The Modernist Novel: A Critical Introduction
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Leading scholar Stephen Kern offers a probing analysis of the modernist novel, encompassing American, British and European works. Organized thematically, the book offers a comprehensive analysis of the stunningly original formal innovations in novels by Conrad, Joyce, Woolf, Proust, Gide, Faulkner, Dos Passos, Kafka, Musil and others. Kern contextualizes and explains how formal innovations captured the dynamic history of the period, reconstructed as ten master narratives. He also draws briefly on poetry and painting of the first half of the twentieth century. The Modernist Novel is set to become a fundamental source for discussions of the genre and a useful introduction to the subject for students and scholars of modernism and twentieth-century literature.
of each other “they poured into her little gravely-gazing soul” (42). The novel depicts new modes of child abuse – not by a cruel aunt ( Jane Eyre), a violent stepfather (David Copperfield ), or a conniving villain (Oliver Twist), but by the child’s own cruel, violent, and conniving parents along with their second spouses. James innovates formally by seeing exclusively through Maisie’s consciousness. Here and throughout James conflates vision and knowledge. In the Preface, James explains that he
Cambridge University Press, 2001), 78–79. 56. “In Hardy, Conrad, and Ford, in Gertrude Stein, Joyce, and Lawrence, in Woolf and Faulkner, the parent is a mere alleged author, one who stupidly refused to admit that genealogical relations or family lines are factitious structures or ‘creations,’ that family is a misleading name for anarchy, and that generation and filiation are substitutes for significance.” Robert Caserio, Plot, Story, and the Novel: From Dickens and Poe to the Modern Period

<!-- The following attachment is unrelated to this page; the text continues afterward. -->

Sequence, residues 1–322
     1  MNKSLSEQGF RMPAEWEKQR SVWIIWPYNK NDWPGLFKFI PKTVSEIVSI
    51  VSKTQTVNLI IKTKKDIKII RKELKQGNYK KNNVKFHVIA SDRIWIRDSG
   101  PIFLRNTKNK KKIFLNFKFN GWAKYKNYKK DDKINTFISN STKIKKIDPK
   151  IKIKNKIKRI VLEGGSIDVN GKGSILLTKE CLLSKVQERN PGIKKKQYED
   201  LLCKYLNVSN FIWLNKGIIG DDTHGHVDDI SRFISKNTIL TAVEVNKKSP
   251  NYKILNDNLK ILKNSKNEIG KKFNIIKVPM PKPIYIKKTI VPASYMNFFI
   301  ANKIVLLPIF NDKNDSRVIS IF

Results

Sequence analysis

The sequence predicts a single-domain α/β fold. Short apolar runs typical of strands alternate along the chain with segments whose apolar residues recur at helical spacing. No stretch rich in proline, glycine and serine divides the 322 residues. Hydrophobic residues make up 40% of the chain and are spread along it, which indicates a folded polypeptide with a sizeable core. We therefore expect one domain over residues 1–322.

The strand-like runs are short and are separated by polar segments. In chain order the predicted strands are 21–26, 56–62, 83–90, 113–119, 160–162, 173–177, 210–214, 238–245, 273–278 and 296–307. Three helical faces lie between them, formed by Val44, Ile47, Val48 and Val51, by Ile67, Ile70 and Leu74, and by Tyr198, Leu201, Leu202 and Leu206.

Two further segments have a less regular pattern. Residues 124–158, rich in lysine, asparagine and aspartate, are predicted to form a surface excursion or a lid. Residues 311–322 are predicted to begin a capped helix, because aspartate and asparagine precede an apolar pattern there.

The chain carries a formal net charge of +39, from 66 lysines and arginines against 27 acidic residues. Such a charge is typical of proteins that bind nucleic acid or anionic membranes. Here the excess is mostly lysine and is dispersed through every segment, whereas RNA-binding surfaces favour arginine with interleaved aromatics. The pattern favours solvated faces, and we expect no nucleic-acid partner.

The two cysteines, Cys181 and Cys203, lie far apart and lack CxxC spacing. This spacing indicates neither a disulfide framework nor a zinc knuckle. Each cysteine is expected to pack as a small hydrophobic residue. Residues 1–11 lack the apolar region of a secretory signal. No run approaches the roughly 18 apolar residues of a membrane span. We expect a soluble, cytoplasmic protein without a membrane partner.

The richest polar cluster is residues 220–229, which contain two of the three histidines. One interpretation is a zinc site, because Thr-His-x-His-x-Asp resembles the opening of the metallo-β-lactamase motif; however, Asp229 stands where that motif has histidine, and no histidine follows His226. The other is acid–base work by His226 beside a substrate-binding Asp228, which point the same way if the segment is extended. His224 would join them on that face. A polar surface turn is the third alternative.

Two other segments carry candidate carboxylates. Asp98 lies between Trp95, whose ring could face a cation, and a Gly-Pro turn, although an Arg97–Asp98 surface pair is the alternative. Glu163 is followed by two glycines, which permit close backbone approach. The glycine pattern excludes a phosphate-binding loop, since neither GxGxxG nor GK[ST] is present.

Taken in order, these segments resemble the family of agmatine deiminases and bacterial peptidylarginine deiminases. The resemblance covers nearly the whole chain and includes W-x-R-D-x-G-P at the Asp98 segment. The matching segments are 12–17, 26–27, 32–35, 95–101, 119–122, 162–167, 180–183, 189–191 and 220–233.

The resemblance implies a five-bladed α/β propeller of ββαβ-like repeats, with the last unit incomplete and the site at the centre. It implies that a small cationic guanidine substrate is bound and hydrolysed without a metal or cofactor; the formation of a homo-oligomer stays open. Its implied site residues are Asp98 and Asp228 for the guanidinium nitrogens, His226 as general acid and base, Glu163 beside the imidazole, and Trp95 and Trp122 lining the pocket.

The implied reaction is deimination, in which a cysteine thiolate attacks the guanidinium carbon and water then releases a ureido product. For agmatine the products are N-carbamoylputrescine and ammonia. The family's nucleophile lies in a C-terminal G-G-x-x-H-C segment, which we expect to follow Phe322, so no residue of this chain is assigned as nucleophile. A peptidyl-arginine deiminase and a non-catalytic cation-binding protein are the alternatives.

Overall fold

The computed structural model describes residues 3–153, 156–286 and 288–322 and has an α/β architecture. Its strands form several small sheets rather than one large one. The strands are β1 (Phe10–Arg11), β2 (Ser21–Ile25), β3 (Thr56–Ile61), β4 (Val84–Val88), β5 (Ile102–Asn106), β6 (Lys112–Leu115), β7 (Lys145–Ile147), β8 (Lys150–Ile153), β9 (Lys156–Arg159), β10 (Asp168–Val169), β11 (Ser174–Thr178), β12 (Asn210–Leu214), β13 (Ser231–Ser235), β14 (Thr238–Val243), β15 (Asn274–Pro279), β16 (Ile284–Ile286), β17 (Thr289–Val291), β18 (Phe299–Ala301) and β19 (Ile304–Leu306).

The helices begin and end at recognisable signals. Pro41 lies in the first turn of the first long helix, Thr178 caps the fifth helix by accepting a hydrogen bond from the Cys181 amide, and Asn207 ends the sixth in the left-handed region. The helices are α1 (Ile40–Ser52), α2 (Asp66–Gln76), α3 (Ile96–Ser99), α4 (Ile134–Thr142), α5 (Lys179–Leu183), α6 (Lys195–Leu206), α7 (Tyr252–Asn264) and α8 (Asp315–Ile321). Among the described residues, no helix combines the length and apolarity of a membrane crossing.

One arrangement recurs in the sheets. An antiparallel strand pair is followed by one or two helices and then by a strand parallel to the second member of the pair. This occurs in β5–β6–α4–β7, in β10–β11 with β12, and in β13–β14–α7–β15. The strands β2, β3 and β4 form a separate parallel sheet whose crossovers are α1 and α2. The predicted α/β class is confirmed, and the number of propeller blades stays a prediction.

them . . . pieces that never make of them a whole one, not because of complication in them, not because of difficulty envisaging them but because really such of them are in pieces inside them” (MA, 311). Later she gives up identifying a bottom nature: “Perhaps not any one really is a whole one inside them to themselves” (519). In contrast to her novel’s title, she actually crafts the unmaking of an American family. The Hersland family declines from personal and historical experience including
transitional in that it allows readers a glimpse into psychic interiority when the narrator in Howards End (1910) explains how Margaret Schlegel desired that “public life should mirror whatever is good in the life within” in contrast to the outer life that governs public events.19 That distinction is articulated with unintended self-mockery by Henry Wilcox, who, to apologize for a clumsy first kiss he lands on Margaret, explains, “I am not a fellow who bothers about my own inside.” Henry is a
ways.36 The relocation to inner consciousness was not a “disintegration of the outer world,” as Georg Lukács charged, but a way of accessing that world most directly and presenting it most vividly.37 Woolf dramatized the decline of Western civilization in the war through the mind of Septimus Smith as he relived the trauma when his friend Evans was killed. Faulkner recreated the decline of the Compson family through the agitated mind of Quentin fantasizing about his sister. In Fräulein Else